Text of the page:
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Top Customer Reviews
Practically forgotten,this French comedy is not really a sequel to any previous Frankenstein,but rather a bloody and nudity filled film that melds elements of outrageous Horror of the 80s with Romantic comedy and a large touch of Young Frankenstein(1974).
In this film,a descendent of Frankenstein is still experimenting on the thing that has made his name infamous,but with somewhat different results.
The Man that Frankenstein creates is actually cared for and nurtured by the doctor,and is basically a decent fellow who,like all Frankenstein Monsters,just wants to have someone to love.
Eddy Mitchell does not quite look the part of Monster,but is likeable and does gain audience sympathy.
However,this Frankenstein Monster also has no clue of his strength and does have bouts of murderous rage every so often!
Still we root for him anyway!
An interesting plot twist takes place,wherein after the creation of the female monster(whose parts are found in a strip club),the Monster realizes he dosen't love her(she's kind of a nympho)and has the hots for the doctor's very cute girlfriend instead.
With the police closing in on him and so much anxiety building,this causes him to run away to the original Frankenstein castle.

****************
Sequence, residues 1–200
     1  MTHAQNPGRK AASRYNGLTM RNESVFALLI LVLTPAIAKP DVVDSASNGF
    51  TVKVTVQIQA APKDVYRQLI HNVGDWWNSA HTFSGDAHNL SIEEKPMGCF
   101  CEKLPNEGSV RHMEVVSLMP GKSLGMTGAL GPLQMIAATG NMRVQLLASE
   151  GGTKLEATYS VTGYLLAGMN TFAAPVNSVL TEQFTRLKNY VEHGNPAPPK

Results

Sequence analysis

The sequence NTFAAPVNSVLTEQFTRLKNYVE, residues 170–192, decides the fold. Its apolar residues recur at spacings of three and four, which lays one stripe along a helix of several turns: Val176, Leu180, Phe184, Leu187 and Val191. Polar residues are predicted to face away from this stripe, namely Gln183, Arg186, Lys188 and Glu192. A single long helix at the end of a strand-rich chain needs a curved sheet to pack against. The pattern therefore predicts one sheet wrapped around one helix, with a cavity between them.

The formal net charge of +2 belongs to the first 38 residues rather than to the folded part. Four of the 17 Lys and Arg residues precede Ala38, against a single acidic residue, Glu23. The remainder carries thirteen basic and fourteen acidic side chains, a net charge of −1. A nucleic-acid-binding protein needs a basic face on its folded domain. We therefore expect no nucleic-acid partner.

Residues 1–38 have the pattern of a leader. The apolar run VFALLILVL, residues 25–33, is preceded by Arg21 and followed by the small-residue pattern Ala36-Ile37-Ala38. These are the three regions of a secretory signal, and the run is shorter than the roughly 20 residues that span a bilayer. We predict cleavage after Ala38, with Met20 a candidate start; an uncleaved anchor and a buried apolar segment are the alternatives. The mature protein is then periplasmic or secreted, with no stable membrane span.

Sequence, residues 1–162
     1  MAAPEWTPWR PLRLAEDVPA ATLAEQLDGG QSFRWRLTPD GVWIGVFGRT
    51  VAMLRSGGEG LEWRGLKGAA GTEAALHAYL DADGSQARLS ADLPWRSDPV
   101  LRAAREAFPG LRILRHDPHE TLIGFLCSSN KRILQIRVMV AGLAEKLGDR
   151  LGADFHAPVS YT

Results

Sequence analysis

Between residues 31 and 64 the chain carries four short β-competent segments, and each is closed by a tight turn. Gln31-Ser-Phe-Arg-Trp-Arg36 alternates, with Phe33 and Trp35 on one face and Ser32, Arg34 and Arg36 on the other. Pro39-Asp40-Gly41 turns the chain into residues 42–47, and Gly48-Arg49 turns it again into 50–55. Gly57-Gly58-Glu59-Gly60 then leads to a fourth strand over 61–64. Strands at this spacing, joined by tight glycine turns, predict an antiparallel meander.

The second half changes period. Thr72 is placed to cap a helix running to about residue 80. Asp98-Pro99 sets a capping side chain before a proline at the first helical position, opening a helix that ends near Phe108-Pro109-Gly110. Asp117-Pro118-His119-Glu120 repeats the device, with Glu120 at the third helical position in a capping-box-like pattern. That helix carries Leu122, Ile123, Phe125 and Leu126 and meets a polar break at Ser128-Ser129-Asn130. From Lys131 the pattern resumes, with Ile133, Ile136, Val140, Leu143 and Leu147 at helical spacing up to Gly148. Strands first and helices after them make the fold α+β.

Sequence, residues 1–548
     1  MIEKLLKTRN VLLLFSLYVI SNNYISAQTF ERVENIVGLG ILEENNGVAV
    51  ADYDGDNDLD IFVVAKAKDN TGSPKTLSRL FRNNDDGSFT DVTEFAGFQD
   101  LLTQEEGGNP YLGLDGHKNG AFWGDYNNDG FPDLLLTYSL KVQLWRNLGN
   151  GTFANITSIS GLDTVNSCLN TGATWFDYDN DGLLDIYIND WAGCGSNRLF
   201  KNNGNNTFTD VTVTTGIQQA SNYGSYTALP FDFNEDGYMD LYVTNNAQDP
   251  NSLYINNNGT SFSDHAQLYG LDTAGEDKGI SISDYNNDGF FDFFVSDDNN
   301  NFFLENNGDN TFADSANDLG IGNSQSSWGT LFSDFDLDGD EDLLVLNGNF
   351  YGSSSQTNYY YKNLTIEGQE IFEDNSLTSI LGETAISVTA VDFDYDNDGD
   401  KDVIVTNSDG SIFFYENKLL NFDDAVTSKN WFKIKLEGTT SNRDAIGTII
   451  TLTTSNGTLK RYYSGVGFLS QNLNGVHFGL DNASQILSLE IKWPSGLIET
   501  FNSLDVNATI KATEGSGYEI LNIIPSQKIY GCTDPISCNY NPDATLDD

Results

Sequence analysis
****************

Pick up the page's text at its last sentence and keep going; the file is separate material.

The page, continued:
This part is one of the most poignant moments in Frankenstein film,as the Monster discovers the old laboratory and the resting place of the beloved Original Monster(who rests in a Karloff,complete with Karloffian makeup....my question? How did they manage to BURY the big guy?)
This film has an ending that should please all those FRANKENSTEIN fans who wished that things could end well for once for the Frankenstein family.
Alot of fun and a delight for fans of the genre.
Most Recent Customer Reviews
Was sent promptly and the film worked great. It was still in the shrink wrap and everything. Very satisfied.Published 13 months ago by David Garrett
Victor Frankenstein only wanted to restore his family's name after generations of failure... His newest creation, however, is anything but perfect. Read morePublished on January 31, 2013 by Carl Manes